Barrett-Jackson auctions are events that really give me mixed emotions.
I like the primetime TV coverage and the huge exposure this auction gives to non-participants in the old car hobby. That is a huge positive.
But I absolutely hate the “charity” side of the Barrett-Jackson auctions.
I have time to think about stuff like this in between the 1st and 85th Corvette sale at a typical B-J auction. It’s like time traveling back to late 1967 and watching the brand new 68 Sting Ray come off the assembly line. Great thrill for the first six “new-look” Mako- Vettes or so but really boring after # 123 rolls off the line.
Watching clone Vette after clone Vette roll up the B-J auction block forces me to drift off so I think about things like the pale imitation of altruism behind the fundraising auctions at Barrett Jackson. These “cause du jour” events always begin with an earnest looking Craig Jackson-typically he grabs the mike to explain why this particular auction is more important than the last auction he shilled. Usually the item up for bid is some kind of donation from a company like Ford or GM and Jackson builds it up with the standard “one of a kind car- never happen again” spiel.
Then he gets (insert celebrity here) to take over the spiel and hustle the item like a 25-dollar hooker on Saturday night because it’s … a good cause. If the item doesn’t move fast enough, he’ll point to the nearest stage prop –usually a sick kid or a guy in a wheelchair.
If that doesn’t work you can bet Craig will jump in there and start personally running up the bid because he’s a decent, concerned guy and it’s a great charity-even better than the one he worked five minutes earlier. Then he’ll pull out the extra ace in the deck and start shaming some guy in the bidding area to outbid him-that way Craig doesn’t really have to cut a check.
He just has to look like he was prepared to give until it hurts-that’s show biz.
It’s like peeking at the dealer’s hand every time you play Blackjack-it’s going to go your way or ( in this case Craig’s way) every single time.
Not that I have any sympathy for the “marks”. Barrett-Jackson bidders come in two flavors: cold-blooded professional buyers for large collectors or dealers or drunk guys with giant egos. Both types like the warm glow of the TV lights but in fairness to the pros, they are still all about the ‘curbing classic car’ business. That makes them slimy but consistent in standard business practices like “buy low-sell high”.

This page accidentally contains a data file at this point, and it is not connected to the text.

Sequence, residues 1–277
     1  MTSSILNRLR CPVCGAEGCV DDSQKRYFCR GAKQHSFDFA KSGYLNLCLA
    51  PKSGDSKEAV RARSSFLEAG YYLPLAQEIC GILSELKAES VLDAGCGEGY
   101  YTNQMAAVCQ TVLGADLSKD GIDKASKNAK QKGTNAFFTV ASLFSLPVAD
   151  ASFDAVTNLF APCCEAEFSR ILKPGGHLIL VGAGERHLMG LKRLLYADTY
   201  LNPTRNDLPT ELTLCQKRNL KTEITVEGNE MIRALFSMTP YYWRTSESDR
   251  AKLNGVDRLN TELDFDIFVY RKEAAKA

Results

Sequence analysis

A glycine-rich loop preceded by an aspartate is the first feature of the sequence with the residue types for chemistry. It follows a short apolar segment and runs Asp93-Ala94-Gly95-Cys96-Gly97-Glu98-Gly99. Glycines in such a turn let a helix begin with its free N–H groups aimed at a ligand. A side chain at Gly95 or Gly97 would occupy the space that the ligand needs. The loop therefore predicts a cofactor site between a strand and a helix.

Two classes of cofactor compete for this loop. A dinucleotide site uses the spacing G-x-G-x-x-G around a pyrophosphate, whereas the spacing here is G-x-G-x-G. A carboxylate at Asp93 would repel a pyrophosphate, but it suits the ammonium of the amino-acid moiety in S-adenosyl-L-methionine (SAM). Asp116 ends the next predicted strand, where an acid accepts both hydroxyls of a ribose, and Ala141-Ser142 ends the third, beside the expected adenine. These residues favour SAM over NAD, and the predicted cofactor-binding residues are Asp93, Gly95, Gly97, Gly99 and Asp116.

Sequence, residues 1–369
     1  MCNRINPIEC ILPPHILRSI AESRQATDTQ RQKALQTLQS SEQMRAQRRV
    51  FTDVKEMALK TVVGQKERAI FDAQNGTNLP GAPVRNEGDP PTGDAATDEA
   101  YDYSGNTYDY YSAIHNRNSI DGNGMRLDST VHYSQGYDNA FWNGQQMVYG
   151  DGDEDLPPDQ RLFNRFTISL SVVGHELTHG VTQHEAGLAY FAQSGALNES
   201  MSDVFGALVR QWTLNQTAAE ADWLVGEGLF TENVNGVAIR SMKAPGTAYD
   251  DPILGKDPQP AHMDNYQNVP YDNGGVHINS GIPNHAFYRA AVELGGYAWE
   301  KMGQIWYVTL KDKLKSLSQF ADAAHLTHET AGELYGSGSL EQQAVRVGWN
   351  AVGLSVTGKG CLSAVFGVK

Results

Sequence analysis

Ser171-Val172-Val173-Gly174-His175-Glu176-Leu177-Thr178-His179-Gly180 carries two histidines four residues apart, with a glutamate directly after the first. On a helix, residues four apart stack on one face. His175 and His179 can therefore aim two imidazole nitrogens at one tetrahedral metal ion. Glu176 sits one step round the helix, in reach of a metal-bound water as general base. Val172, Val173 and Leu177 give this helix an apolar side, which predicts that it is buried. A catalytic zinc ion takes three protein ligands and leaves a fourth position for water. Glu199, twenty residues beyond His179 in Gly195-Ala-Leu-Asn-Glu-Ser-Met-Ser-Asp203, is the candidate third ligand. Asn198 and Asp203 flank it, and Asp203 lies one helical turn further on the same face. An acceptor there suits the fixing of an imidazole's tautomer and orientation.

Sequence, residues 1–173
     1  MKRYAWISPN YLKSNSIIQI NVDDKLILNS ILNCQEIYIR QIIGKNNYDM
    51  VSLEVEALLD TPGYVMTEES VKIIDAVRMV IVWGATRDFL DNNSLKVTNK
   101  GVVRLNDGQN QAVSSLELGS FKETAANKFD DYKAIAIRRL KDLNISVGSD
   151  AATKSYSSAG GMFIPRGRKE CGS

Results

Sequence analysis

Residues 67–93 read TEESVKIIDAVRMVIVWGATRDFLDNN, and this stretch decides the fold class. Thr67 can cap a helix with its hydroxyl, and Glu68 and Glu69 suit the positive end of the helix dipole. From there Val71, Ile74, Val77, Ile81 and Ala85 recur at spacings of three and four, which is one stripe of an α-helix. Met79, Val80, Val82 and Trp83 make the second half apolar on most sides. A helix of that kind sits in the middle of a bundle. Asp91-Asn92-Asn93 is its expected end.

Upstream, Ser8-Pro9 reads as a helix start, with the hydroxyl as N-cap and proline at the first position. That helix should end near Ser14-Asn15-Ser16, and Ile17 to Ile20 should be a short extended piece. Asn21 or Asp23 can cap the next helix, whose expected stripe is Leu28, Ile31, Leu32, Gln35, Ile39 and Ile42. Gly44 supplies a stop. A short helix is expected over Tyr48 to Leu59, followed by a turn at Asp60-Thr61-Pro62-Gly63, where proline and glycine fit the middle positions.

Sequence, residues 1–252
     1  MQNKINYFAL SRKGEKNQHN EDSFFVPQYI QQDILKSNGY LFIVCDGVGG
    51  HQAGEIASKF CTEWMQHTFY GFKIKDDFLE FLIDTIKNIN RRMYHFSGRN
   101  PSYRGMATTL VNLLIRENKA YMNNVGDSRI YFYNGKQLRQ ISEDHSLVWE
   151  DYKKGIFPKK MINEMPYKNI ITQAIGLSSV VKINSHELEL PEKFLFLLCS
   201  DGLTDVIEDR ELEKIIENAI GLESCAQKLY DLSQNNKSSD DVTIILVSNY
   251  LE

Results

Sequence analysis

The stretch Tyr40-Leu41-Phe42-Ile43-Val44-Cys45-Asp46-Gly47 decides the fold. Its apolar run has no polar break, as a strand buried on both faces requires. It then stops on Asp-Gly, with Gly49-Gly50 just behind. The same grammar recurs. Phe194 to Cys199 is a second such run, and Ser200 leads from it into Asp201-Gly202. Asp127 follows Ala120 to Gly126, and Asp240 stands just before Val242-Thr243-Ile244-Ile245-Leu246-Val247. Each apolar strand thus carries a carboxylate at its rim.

The drunk guys are another story-these guys usually look like bloated Jimmy Buffetts. (loud Hawaiian shirts with a mega-sized cocktail in each hand and no real empathy for “the cause”). These guys get caught up in the euphoria of a giant cheering crowd, the rum and adrenaline simultaneously kick in and when the gavel hits the wood they just paid 130K for a warmed-over “one of one” brand new Mustang courtesy of the Ford Motor Company.
At least the charity wins but the “giving ‘til it hurts” part gets very murky with these wannabe Mother Theresas. The same pattern emerges at every charity auction on the face of the planet-get guy drunk, put a signed Peyton Manning jersey in the mix, amp him into full alpha-male mode and suddenly you have a 10,000 dollar numbered shirt.
This B-J auction is no different
These aren’t good guys by definition-in fact; you can bet they’re not even okay guys. They’re simply highly competitive, successful guys with elevated alcohol levels and a seven figure line of credit. There is nothing wrong with winning in business but I can guarantee these guys didn’t get to a “bloated and drunk Jimmy Buffett” level in life by giving away money.
That’s why these quasi-Jimmy Buffetts are more likely to get into a fist fight with suppliers over the cost of paper clips than hand a street bum a buck. They protect every dollar they spend-that’s how they win in business.
So when a drunk guy in a horrible shirt pays insane money for a fundraiser at the Barrett-Jackson circus in the name of altruism we’re happy for the charity. That’s great for charity but do we have to respect or like these guys?
Not a chance-even if they give more money to charity in 3.5 seconds at a B-J auction than Mother Theresa earned in personal income over 8 decades.
So we don’t have to like the guy who cut the check. Nor do we have to like slick guys like Craig Jackson for hustling the moneyed up rubes and constantly reminding us that B-J is taking no commission for the sale.
That’s because all these guys (from Jackson to drunk and fat Jimmy Buffett) like to take public bows on live TV for what they see (through the beer goggles) as an incredibly unselfish act.
Then when they sober up these cold-blooded entrepreneurs get bragging rights “yeah, I did get gunned and spent 1.2 million for a beat-up ex-Jeff Gordon Monte Carlo at Barrett-Jackson but it was for a good cause and I was happy to give”. Nobody buys that-not even the hung-over guy who said it
There’s the problem- other than the dollar amount there’s nothing sincere or real about drunken charity. Even on live TV at a Barrett-Jackson car auction…
So on to the next Vette- my mind is re-focused on “auction-action” again.